It’s that time of year when journalists lay out their lists of the year’s best cultural offerings. Honestly, I’m not sure anyone cares about my top movie of the year (The Boy and The Heron) or TV show (Netflix’s Hilda) or album (weird experimental drones mixed with field recordings that I am only allowed to play when my family is away). Sometimes the lists can be overwhelming. Who had time to watch all that TV? Who are all these singers? Cocaine Bear was real?

Let’s start a new tradition: What were your five best days outside in 2023? Here’s my list:

[5] March 1: As you may remember, we didn’t get much snow last year. By late February we had barely seen a flake. As soon as The Current noted that, we got hit with 6 inches. Fearing that it wouldn’t last, I strapped on my hiking spikes and went up the Pocket Road trail to Lamb’s Hill. Being on top of the ridge with the Highlands blanketed in white is always glorious; it was even more so because I knew it would be fleeting.

March 1st: The briefest of winters on Mount Beacon (Photo by B. Cronin)
March 1st: The briefest of winters on Mount Beacon (Photos by B. Cronin)

[4] Dec. 5: During a run at Madam Brett Park just past nightfall, heading toward Long Dock, I heard a pack of coyotes having what sounded like a raging party. Their cries echoed across the cove and Metro-North tracks. Maybe they were celebrating because Denning’s Point had been closed to humans for the season and they had it all to themselves? I’ve heard them in groups on Mount Beacon, but never down by the river. It was beautiful. But I finished my run in the other direction.

[3] Sept. 30: My wife and I went to Ithaca to celebrate our wedding anniversary and, look, I don’t want to get all freshman-year dorm room about it, but have you ever been to Ithaca? Like, really been there? Despite owning the ubiquitous “Ithaca is Gorges” T-shirt, I had never taken the time to explore its gorges and waterfalls. As my son said after seeing Ithaca Falls (150 feet high, 175 feet wide, in downtown): “This place looks like a screen saver.”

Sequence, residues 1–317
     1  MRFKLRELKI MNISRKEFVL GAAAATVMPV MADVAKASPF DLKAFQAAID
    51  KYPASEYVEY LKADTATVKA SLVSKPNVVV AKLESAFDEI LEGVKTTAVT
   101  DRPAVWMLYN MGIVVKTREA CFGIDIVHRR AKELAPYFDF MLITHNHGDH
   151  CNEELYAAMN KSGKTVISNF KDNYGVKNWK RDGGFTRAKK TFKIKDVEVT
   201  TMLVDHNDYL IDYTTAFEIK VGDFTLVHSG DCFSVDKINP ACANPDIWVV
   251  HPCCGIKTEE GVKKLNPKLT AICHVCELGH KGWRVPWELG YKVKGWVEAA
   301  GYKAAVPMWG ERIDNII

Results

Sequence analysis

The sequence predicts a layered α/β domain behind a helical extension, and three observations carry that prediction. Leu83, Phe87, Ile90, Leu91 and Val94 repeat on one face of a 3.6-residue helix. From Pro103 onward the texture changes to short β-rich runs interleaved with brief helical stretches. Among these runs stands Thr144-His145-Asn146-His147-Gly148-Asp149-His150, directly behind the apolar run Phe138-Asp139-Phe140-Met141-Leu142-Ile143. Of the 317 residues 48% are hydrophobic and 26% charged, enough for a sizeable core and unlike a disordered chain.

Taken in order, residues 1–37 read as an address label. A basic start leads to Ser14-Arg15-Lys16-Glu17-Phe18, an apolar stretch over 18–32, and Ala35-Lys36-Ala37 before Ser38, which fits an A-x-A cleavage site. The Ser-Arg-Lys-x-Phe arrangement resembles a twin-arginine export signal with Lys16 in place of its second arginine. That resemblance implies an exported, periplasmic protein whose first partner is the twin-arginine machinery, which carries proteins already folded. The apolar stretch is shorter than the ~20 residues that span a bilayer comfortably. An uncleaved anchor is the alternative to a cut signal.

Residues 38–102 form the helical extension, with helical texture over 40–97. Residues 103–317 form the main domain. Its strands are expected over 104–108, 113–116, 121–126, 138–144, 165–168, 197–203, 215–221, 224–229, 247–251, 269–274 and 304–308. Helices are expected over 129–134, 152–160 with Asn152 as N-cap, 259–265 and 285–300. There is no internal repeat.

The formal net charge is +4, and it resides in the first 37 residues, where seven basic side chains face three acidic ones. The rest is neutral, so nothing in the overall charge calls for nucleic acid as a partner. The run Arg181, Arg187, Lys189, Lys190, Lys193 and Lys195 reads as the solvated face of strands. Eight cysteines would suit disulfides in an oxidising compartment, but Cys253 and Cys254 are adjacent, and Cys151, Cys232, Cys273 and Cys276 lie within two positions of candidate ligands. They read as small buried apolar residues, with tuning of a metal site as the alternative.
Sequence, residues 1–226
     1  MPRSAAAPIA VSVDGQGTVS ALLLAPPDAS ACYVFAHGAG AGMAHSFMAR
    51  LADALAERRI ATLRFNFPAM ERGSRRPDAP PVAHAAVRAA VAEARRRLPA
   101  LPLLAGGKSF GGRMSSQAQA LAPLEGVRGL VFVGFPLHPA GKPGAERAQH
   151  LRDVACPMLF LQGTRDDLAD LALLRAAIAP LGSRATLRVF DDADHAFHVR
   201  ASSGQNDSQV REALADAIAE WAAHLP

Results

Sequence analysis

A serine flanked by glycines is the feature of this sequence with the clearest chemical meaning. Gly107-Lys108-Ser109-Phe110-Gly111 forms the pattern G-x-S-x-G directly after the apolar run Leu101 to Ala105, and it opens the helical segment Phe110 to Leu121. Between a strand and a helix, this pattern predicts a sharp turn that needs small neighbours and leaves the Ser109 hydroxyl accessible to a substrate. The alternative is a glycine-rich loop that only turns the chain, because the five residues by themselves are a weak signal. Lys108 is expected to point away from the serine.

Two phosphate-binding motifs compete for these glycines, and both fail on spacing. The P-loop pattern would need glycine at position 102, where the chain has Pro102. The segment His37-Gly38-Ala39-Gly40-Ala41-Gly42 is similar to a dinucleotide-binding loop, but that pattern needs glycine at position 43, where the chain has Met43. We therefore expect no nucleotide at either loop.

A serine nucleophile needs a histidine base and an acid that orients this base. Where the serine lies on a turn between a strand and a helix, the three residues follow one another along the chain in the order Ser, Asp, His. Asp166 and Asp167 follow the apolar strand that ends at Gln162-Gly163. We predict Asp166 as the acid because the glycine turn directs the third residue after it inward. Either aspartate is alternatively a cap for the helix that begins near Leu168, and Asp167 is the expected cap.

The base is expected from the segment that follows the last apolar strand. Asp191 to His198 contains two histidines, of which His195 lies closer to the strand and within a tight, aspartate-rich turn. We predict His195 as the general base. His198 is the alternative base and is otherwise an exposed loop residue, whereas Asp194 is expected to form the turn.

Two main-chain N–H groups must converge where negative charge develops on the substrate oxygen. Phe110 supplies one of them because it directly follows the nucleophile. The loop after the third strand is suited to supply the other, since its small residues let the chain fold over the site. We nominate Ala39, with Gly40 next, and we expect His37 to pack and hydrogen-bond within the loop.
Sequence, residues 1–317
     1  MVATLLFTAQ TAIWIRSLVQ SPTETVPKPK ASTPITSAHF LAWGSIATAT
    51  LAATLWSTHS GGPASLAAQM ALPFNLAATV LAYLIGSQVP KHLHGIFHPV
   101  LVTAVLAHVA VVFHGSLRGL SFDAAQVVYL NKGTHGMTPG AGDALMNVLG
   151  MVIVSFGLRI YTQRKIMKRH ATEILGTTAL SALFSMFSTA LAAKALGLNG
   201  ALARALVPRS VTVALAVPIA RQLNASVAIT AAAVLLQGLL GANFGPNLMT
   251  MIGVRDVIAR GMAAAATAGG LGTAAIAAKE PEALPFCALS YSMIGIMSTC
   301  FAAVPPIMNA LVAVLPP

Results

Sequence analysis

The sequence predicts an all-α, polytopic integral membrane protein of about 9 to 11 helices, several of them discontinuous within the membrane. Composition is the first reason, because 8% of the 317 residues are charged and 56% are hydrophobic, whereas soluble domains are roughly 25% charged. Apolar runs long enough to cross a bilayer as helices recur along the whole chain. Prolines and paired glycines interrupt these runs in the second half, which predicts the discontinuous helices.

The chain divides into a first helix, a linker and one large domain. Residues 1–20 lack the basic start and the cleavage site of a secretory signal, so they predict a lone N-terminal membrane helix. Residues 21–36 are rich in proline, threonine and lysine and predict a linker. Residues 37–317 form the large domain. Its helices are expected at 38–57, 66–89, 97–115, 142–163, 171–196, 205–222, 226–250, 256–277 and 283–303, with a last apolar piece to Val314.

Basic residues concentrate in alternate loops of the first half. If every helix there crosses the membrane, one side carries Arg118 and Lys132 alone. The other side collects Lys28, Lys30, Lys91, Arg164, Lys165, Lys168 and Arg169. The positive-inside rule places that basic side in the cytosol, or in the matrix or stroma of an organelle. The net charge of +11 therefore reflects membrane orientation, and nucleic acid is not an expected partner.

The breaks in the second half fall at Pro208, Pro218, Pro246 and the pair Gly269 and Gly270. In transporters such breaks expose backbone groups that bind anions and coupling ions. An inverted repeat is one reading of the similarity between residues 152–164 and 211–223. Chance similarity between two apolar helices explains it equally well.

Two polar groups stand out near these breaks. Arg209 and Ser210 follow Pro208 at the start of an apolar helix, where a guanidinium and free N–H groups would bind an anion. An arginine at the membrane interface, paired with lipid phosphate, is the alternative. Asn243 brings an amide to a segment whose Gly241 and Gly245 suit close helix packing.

Sept. 30: The underappreciated Ithaca Falls
Sept. 30: The underappreciated Ithaca Falls

[2] April 9: With so many microclimates tucked away in Highland hollows and slopes, you can often find hints of the coming season. With the days getting longer, I set out on a 19-mile hike from my front door in Beacon to the summit of Bull Hill, and back by way of the Mount Beacon reservoir, Fire Tower, Squirrels Hollow and the Cornish Ruins. The air felt a little warmer, the colors a little richer, the light a little sharper. No visual signs of spring, but if you breathed deeply enough at the rushing brooks, you could catch a whiff of a warm, pungent sweetness of the soil.

April 9th: Looking for Spring on Bull Hill

[1] Sept. 23: I had signed up for the inaugural Wild Goose 100-mile race across the New Jersey line in Wawayanda State Park. Shouldn’t be too hot, the wildfire season is dying down, what could go wrong? Cue the tropical storm. Incredibly, the race was not canceled, and 50 of us lined up as the first tendrils of Tropical Storm Ophelia lashed the park. During the first mile, a runner yelled, “This storm will just make the stories we’ll tell about this day that much better!” We all cheered. Twelve hours later, the same runner left in an ambulance.

Needless to say, things went downhill fast. The course consisted of three loops that we continually revisited, allowing us to appreciate how thoroughly the park was flooding. Puddles on one loop became brooks on the next loop, brooks became rivers, bridges became reefs. Night fell and the temperature dropped. I had to quit at Mile 50 because I could not stop shaking. I was so thoroughly soaked I felt I might devolve into a prehistoric fish.

Why is that No. 1? Because slogging through that mess with 50 other idiots was a blast — all of us trying to cheer each other up, telling stories, giving advice and sharing snacks. In general, the longer a race, the less competitive it is. Maybe it’s because we’ve all been humbled by failure, but it might be because we know that one of the best things about outdoor adventures are the people you share them with.

Here’s hoping I see more of you out there in 2024.

Behind The Story

Type: Opinion

Opinion: Advocates for ideas and draws conclusions based on the author/producer’s interpretation of facts and data.

The Skidmore College graduate has reported for The Current since 2014 and writes the "Out There" column. Location: Beacon. Languages: English. Areas of Expertise: Environment, outdoors

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